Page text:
Best Practices

What Funders Want

Published May 19, 2015 by Sarah Mote

While communities can’t wholly rely on grant funds to seed their entrepreneurial ecosystems, such funds can play an integral part in building robust programs and filling gaps in resources. At this year’s U.S.SourceLink conference, we hosted a panel of experts to share what funders look for in grant proposals that target economic development. Here’s what they had to say.

Mark Rigdon, JPMorgan Chase Foundation

JPMorgan Chase’s approach has evolved over the past eight years from charitable giving to strategic catalytic philanthropy.

“We’re trying to do a fewer number of things, with larger dollars focused on more impactful opportunities with measureable outcomes.”

Their philanthropic priorities focus on economic development, specifically around small business to organizations with proven impact.  As a firm, they want to play an active role in growing metro and regional economies through workforce development, skills training, and financial capability with an end goal of helping create stable families and communities.

JPMorgan Chase has several signature initiatives including Small Business Forward that supports resource providers who are building ecosystems and five-year programs focused on workforce development and financial training.

Geographically, JPMorgan Chase focuses its dollars where it has significant market presence. He admits it’s a brand self-interested philanthropy: “If a community does well, our business thrives.”

Deidre Firth, City of Albuquerque

From large corporate foundations to city economic development departments, Deirdre Firth represented another type of funding institution. She is responsible for the Albuquerque Economic Development’s recruitment and expansion projects and programs.

The key difference between the city and a foundation like JP Morgan Chase: the city of Albuquerque doesn’t make grants, it contracts for services. That means awards are not granted up front, but as services are rendered.

Working in and with a community, Firth has contracted with a large set of resource partners, but the focus entrepreneurship, she says, is relatively new.

“Many of the entities working with startups are startups themselves, and so we evaluate them as we would a startup. Have they defined their market and their product? Everything doesn’t have to be 100 percent baked, but it needs to at least be 80 percent before you ask tax payers to fund it.”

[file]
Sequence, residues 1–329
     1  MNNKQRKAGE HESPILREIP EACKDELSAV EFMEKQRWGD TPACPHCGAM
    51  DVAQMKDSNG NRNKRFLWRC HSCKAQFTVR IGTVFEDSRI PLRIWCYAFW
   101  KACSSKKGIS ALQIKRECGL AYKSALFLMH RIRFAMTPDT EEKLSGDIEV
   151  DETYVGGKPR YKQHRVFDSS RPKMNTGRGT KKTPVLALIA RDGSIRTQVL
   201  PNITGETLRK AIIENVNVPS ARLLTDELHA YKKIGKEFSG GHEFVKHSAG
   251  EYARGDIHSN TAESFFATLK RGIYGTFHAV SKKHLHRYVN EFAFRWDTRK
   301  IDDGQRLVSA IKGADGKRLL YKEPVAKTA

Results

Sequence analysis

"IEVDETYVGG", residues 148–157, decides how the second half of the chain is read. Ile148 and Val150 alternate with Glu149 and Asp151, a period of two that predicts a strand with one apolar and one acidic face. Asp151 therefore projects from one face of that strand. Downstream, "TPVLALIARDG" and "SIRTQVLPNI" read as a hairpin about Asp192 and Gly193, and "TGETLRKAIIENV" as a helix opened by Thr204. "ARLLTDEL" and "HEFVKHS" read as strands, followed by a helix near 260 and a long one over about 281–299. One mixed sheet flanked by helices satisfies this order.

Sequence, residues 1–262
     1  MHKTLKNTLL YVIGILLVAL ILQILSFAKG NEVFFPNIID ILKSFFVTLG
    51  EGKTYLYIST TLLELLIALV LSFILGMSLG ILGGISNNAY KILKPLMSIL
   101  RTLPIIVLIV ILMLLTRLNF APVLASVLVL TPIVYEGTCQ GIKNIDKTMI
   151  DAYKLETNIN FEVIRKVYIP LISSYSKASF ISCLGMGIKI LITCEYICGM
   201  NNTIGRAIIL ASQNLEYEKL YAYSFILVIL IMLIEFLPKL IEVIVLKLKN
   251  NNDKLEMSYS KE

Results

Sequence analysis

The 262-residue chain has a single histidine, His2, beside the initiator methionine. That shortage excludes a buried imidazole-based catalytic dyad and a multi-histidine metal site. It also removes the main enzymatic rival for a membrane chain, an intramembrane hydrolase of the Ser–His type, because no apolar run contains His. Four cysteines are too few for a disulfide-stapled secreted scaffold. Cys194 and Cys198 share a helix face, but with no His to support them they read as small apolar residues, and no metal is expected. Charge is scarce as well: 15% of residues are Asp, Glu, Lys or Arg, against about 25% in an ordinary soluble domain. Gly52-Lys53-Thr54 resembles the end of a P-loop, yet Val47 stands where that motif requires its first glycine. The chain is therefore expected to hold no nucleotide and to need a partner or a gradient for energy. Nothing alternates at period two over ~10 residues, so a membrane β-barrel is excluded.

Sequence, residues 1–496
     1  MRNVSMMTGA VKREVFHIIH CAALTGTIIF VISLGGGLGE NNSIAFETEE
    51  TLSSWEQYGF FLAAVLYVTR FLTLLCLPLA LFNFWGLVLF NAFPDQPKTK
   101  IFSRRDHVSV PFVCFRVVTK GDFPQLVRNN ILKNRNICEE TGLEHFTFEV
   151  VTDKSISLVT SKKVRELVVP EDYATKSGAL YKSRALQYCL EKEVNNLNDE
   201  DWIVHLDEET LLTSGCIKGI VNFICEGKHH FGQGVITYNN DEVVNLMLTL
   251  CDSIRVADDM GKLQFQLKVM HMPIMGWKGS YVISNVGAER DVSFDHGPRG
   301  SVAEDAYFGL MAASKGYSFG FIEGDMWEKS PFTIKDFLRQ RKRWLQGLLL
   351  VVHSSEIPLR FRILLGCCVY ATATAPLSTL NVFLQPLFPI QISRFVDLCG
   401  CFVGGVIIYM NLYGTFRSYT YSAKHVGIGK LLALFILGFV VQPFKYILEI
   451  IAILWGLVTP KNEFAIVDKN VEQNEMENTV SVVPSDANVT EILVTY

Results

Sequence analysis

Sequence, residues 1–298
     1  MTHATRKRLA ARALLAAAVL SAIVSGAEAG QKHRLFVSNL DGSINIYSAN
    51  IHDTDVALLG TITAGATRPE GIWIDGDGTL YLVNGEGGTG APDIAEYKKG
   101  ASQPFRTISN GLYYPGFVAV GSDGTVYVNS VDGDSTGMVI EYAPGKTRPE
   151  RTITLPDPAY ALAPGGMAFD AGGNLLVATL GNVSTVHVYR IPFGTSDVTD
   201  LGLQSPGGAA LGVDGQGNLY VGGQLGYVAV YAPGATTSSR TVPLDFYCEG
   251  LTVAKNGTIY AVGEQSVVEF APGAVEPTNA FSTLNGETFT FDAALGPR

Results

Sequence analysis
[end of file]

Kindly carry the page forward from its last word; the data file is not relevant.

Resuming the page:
Firth also looks for how organizations will define success and they will track their metrics.

Nathan Kurtz, Kauffman Foundation

Ewing Kauffman advised his associates to look for opportunities to promote positive education and accelerate entrepreneurship in America. The Kauffman Foundation considers its grants to be investments, and look for a return on the grant investments they make. The majority of its funding is proactive and made to U.S. tax-exempt organizations that are independently identified by its staff.

On alignment

MR: “Just because there is a fit, that’s a necessary, but not sufficient, condition” for a grant award.

MR: “Know what the funder cares about. If there’s not a strong alignment, save yourself time and energy. We’re not interested in making Cinderella’s shoe fit on a stepsister.”

MR: “When you see alignment, “focus on articulating the value proposition you want the funder to understand.”

NK: “We will get to know an organization for three months to year prior. The ones that make it really understand goals and values and what trying to achieve.”

NK: “I’d discourage you from submitting a full proposal without understanding our objectives and outcomes. Ask others that received funding what outcomes they are achieving.”

On writing your proposal

DF: “Read the RFP. Answer the questions. Respond to what’s there.”

MR: “Get to the point in your opening sentence. Organizational history is important, but you have a short-time window to get my attention. Talk about how your organization has the relationships that will allow you to access clients that you can help, demonstrate your staff is well-positioned and can do this work.”

MR: “Be transparent to win good will.”

DF: “Most organizations—90 percent of them—are willing to review drafts of your application. I offer it every time.”

NK: “It’s a collaborative process. We have to understand their process if we’re going to understand how they help entrepreneurs grow and succeed.”

On collaborations

DF: “Collaborations are important. We want to minimize the duplication of services and add value in new ways.”

On including marketing in your proposal

DF: “It doesn’t do us any good to support programs no one knows about. Sometimes we can help in addition to the marketing the organization is putting forth. Marketing budgets can’t be 50 percent of your funding proposal, but you can include them.”

NK: “Very few organizations write marketing into their proposals, but we have no stated purpose against that.”

On metrics

MR: “Data is king. If it’s not a part of your program’s DNA, it needs to become a part of it. That’s what funders with big dollars are looking for.”

After the ask

MR: “Understand that funders can do a lot more than just give you money.”

MR: “If you get a ‘no,’ it’s not a forever ‘no’. It’s today, right now, given what we’re doing we don’t see a great fit, but keep us updated. Maybe it’s just too early stage in terms of innovative programs and we’re just not ready yet.”

DF: “Don’t ask the question unless you’re willing to hear the answer. People often ask for feedback and then argue with us. Take the constructive criticism to write a stronger proposal next time.”

NK: “A ‘no’ is never a ‘no’ unless someone is not being respectful of our time and effort.”